Search

Filter by:





















Find an ECA Registered Member

Advanced search
Area of work:

Survey: Four in 10 buildings at major risk from cyber attacks

Industry-wide survey finds many clients are not taking preventative steps against hackers

19 January 2017

Almost four in 10 clients (39 per cent) say that they don’t take any steps to protect smart installations in buildings from cyber threats, according to new survey findings from the Electrical Contractors' Association (ECA) and Scottish electrical trade body SELECT.

Half of respondents to the survey (49 per cent) said that the risk of hacking, and its impact on unsecured networks, was a potential barrier to installing connected technology, highlighting the inherent cyber threats to buildings in the modern era.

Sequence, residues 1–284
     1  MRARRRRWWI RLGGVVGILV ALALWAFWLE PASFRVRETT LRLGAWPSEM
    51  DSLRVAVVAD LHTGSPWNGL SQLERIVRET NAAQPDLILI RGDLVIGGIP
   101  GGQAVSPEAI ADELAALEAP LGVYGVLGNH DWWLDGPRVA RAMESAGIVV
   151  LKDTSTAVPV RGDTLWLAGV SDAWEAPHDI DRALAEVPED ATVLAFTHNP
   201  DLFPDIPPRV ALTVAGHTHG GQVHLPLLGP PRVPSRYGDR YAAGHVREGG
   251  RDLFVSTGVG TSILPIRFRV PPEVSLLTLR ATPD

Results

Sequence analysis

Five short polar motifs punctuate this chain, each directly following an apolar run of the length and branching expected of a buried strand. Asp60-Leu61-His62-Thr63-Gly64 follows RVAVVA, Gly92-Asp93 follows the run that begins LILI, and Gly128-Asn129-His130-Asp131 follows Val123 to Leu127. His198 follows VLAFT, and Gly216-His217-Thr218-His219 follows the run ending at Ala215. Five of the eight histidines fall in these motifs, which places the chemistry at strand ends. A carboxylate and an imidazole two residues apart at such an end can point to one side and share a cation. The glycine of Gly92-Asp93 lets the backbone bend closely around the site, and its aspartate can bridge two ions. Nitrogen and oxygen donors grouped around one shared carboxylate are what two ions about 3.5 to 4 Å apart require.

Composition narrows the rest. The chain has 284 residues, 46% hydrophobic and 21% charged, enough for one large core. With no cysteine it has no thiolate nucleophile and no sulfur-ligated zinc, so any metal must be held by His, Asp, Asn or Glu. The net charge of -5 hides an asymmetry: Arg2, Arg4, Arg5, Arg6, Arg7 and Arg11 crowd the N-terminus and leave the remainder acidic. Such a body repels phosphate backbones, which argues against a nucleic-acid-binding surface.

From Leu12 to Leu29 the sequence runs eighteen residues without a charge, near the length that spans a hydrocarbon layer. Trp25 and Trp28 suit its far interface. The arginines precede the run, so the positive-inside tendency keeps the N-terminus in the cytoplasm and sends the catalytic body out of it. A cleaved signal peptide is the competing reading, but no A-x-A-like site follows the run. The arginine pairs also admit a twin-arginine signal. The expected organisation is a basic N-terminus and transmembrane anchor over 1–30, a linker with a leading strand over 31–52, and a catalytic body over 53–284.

The findings raise major security and privacy implications for the UK’s business infrastructure, particularly given the likely increase in smart installations over the coming years, and growth of cyber attacks as an effective tool to disrupt business and politics.

Steve Martin, Head of Specialist Groups at the ECA commented:

“These figures are very concerning, particularly when you consider the inherent risks in the modern day of not securing your business from hackers. Clearly this is an area which clients urgently need to address, given the anticipated growth in smart installations over the coming years.”

The ‘Connected Technology Survey for Clients’ ran over a three-week period in November and December last year. Overall, there were 229 responses to the survey, including from consultants, engineers, end clients, local authorities and facilities managers.

‘Connected Technology’ refers to any technology that enables devices within a building to communicate with each other, be controlled remotely through a connection to the internet and undertake automated and reactive tasks. This covers installations such as lighting, audio visual, fire, security and HVAC.

At present, just 20 per cent of the UK’s commercial buildings are considered to be ‘smart’. However, over the next four years, the global ‘Internet-of-Things’ market is expected to be worth over £1 trillion annually.